Take the 2-minute tour ×
Super User is a question and answer site for computer enthusiasts and power users. It's 100% free, no registration required.

There are many plain text files which were encoded in variant charsets.

I want to convert them all to UTF-8, but before running iconv, I need to know its original encoding. Most browsers have an Auto Detect option in encodings, however, I can't check those text files one by one because there are too many.

Only having known the original encoding, I then can convert the texts by iconv -f DETECTED_CHARSET -t utf-8.

Is there any utility to detect the encoding of plain text files? It DOES NOT have to be 100% perfect, I don't mind if there're 100 files misconverted in 1,000,000 files.

share|improve this question

7 Answers 7

up vote 12 down vote accepted

Try the chardet Python module.

Its original webpage is now dead but still available on archive.org.

It's also available on PyPi so you can install it in your python environment using

pip install chardet
share|improve this answer
    
Yes, and it's already packaged as python-chardet in Ubuntu universe repo. –  Xiè Jìléi Jun 25 '11 at 6:21
    
If it wasn't a perfect guess, chardet will still give the most correctly guess, like ./a.txt: GB2312 (confidence: 0.99). Compared to Enca which just failed and report 'Unrecognized encoding'. However, sadly enough, chardet runs very slow. –  Xiè Jìléi Jun 25 '11 at 6:48
1  
@谢继雷: Have it run overnight or something like that. Charset detection is a complicated process. You could also try the Java-based jChardet or ... the original chardet is part of Mozilla, but only C++ source is available, no command-line tool. –  grawity Jun 25 '11 at 12:13
    
Exactly what I needed. Thank you. –  Ian Hunter Apr 17 '12 at 22:36

For Linux, there is enca and for Solaris you can use auto_ef.

share|improve this answer
    
Enca seems too strict for me: enca -d -L zh ./a.txt failed with message ./a.txt: Unrecognized encoding Failure reason: No clear winner. As @grawity mentioned, chardet is more lax, however it's yet too slow. –  Xiè Jìléi Jun 25 '11 at 7:06
7  
Enca completely fails the "actually does something" test. –  Michael Wolf Mar 1 '12 at 18:59

UTFCast is worth a try. Didn't work for me (maybe because my files are terrible) but it looks good.

http://www.addictivetips.com/windows-tips/how-to-batch-convert-text-files-to-utf-8-encoding/

share|improve this answer

I would use this simple command:

encoding=$(file -bi myfile.txt)

Or if you want just the actual character set (like "utf-8"):

encoding=$(file -bi myfile.txt | sed -e 's/.*[ ]charset=//')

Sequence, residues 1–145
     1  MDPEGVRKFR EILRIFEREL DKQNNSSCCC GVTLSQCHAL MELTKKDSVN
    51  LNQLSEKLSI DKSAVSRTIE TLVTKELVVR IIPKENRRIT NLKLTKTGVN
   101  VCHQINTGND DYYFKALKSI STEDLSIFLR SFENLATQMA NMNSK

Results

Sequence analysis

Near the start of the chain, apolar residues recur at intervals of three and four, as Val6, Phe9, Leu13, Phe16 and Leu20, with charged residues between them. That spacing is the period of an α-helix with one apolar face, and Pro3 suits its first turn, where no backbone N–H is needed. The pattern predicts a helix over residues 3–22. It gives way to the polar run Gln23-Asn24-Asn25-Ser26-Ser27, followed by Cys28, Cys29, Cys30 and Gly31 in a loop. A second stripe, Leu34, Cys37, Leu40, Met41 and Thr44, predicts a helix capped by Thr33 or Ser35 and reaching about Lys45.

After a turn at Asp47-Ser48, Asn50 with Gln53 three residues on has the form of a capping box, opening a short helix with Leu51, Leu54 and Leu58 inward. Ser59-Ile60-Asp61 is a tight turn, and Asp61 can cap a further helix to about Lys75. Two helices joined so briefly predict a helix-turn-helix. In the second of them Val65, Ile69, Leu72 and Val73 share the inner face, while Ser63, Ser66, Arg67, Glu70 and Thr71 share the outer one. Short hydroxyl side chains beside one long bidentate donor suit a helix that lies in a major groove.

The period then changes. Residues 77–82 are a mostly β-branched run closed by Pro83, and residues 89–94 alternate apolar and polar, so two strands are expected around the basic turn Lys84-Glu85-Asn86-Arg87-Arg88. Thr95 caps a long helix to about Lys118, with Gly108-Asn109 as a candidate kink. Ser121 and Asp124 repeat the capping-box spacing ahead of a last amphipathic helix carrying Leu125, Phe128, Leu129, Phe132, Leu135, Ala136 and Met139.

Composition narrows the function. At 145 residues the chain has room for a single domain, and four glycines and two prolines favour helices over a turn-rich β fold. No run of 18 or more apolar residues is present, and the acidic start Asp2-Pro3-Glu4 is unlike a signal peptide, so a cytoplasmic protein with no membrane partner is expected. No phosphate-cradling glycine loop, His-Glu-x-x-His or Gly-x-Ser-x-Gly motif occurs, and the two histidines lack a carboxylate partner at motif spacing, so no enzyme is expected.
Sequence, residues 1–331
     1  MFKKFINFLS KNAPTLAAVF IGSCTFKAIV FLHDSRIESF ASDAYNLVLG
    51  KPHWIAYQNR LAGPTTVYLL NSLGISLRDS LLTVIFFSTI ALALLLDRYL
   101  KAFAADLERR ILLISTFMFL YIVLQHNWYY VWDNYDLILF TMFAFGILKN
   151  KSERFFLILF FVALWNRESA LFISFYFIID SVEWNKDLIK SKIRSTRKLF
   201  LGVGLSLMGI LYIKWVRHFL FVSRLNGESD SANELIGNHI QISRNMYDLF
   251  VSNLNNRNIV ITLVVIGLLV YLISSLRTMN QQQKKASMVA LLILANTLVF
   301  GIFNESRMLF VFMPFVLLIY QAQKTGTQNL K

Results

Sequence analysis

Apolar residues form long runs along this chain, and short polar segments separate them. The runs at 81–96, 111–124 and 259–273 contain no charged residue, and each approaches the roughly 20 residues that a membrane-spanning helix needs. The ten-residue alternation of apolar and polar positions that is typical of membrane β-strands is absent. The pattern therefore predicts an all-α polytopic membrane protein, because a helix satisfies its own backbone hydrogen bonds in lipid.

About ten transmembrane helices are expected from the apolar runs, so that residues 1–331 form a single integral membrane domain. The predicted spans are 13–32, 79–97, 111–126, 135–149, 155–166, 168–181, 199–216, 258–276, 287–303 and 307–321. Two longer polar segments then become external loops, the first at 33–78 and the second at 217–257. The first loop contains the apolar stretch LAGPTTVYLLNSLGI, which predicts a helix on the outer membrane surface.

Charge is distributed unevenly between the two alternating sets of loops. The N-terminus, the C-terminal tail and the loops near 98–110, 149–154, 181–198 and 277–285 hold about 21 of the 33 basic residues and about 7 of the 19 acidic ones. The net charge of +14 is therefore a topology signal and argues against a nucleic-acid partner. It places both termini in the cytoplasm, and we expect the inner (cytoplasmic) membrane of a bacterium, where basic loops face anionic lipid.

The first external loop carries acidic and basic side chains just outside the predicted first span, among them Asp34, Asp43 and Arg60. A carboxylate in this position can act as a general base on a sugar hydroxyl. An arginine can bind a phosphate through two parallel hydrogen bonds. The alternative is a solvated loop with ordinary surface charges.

share|improve this answer
2  
Unfortunately, file only detects encodings with specific properties, such as UTF-8 or UTF-16. The rest -- oldish ISO8859 or their MS-DOS and Windows correspondents -- are listed as "unknown-8bit" or something similar, even for files which chardet detects with 99% confidence. –  grawity Oct 28 '11 at 19:09
2  
file showed me iso-8859-1 –  cweiske Mar 30 '12 at 7:22
    
What if the extension is lying? –  james.garriss Oct 3 at 13:24
    
@james.garriss: file extension has nothing to do with its (text) content encoding. –  MestreLion Nov 28 at 12:18

On Debian-based Linux, the uchardet package provides a command line tool. See below the package description:

 universal charset detection library - cli utility
 .
 uchardet is a C language binding of the original C++ implementation
 of the universal charset detection library by Mozilla.
 .
 uchardet is a encoding detector library, which takes a sequence of
 bytes in an unknown character encoding without any additional
 information, and attempts to determine the encoding of the text.
 .
 The original code of universalchardet is available at
 http://lxr.mozilla.org/seamonkey/source/extensions/universalchardet
 .
 Techniques used by universalchardet are described at
 http://www.mozilla.org/projects/intl/UniversalCharsetDetection.html
share|improve this answer
1  
Thanks! From the project's homepage it wasn't obvious to me that there was a CLI included. It's also available on OS X when installing uchardet via Homebrew. –  Stefan Schmidt Jul 6 '13 at 14:47
    
I was a little confused at first because a ISO 8859-1 document was falsely identified as Windows-1252 but in the printable range Windows-1252 is a superset of ISO 8859-1 so conversion with iconv works fine. –  Stefan Schmidt Jul 6 '13 at 14:56

Mozilla has a nice codebase for auto-detection in web pages:
http://lxr.mozilla.org/seamonkey/source/extensions/universalchardet/src/

Detailed description of the algorithm:
http://www-archive.mozilla.org/projects/intl/UniversalCharsetDetection.html

share|improve this answer

Getting back to chardet (python 2.?) this call might be enough:

python -c 'import chardet,sys; print chardet.detect(sys.stdin.read())' < file
{'confidence': 0.98999999999999999, 'encoding': 'utf-8'}

Though it's far from perfect....

echo "öasd" | iconv -t ISO-8859-1 | python -c 'import chardet,sys; print chardet.detect(sys.stdin.read())'
{'confidence': 0.5, 'encoding': 'windows-1252'}
share|improve this answer

Your Answer

 
discard

By posting your answer, you agree to the privacy policy and terms of service.

Not the answer you're looking for? Browse other questions tagged or ask your own question.